A review of Timeline of Empire, a student-generated timeline of U.S. empire, directed by Katrina Phillips
Timeline of Empire
Katrina Phillips, Macalester College
Jason A. Heppler, George Mason University
I’m a history professor at Macalester College in Minnesota, and my main teaching areas include Native history, the American West, the U.S. Empire, public history, and representation and performance. Macalester moved to a module system for the 2020-2021 academic year; rather than two 15-week semesters, the calendar shifted to four seven-to eight-week modules. The compressed schedule was intended to give the college flexibility among ongoing COVID uncertainty. Given this change, coupled with the knowledge that my students would potentially be learning remotely, in person, or in a hybrid model, I reworked my entire curriculum. The first class I taught in the module system was a first-year course called, “The Empire Strikes Back: Resistance in the U.S. Empire.” Most students in my classes have little or no prior engagement with my main teaching areas, which makes syllabus creation a challenging endeavor in a typical semester. The prospect of creating a modular syllabus seemed an impossible task, especially when adding in the uncertainty of potentially teaching in multiple modalities.
So I turned to the students themselves. I devised a module-long project that students would be able to complete remotely, if it came to that. I knew I would not be able to cover as much material as I normally would, so my students collectively built what we called a “Timeline of Empire.” Each student picked 10-15 historical events to research — and the only requirement was that they had to tie it to the creation, growth, or maintenance of the U.S. empire. My students wrote 200- to 500-word entries, sourced images to go along with their events, and learned from each other along the way. I worked with our research librarian to create a course research guide, our college archivist to help my students find digitized primary sources, and our Academic Information Associate (AIA) to build the timeline through Timeline JS. Our AIA, Ben Voigt, created a Google form for students to input their entry information before he finalized the timeline.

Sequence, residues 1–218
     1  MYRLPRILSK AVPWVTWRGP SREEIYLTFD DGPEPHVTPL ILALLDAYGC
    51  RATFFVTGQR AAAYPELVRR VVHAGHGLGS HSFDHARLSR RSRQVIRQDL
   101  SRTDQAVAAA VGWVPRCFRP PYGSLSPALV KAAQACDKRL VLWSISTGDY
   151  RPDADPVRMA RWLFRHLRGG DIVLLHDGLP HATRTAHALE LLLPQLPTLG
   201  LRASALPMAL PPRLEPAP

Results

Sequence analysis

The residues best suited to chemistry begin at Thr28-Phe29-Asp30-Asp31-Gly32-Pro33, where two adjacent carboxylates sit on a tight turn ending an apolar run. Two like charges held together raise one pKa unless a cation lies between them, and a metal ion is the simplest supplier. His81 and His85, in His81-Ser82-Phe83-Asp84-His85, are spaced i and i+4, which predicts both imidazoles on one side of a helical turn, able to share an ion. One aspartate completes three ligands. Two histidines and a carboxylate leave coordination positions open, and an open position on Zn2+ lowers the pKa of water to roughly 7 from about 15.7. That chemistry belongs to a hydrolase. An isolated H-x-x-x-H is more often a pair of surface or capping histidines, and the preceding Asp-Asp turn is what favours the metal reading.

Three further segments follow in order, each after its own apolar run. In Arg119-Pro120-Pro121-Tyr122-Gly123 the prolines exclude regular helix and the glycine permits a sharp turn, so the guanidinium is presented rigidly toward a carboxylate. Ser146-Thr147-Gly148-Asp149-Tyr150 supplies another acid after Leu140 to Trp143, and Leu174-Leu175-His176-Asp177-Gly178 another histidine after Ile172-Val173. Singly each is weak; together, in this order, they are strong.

This was a very introductory digital humanities project, and purposefully so. In this first-year course, I wanted to give my students the opportunity to engage with self-directed historical research, digital humanities, and public-facing scholarship without overwhelming them. My students learned how to turn their historical research into accessible timeline entries, and the collaborative nature of the project gave them the opportunity to create connections and build relationships with their classmates. The timeline project worked so well that I’m replicating it in three other courses: “Native History to 1871,” “Native History since 1871,” and “Imagining the American West.” It has made historical research and digital humanities accessible for my students, given me the opportunity to introduce students to the best practices of digital humanities project management by drawing upon our library’s vast technical staff, and created a tangible, shareable, collaboratively-built final product that underscores the importance of public and digital scholarship.
Jason A. Heppler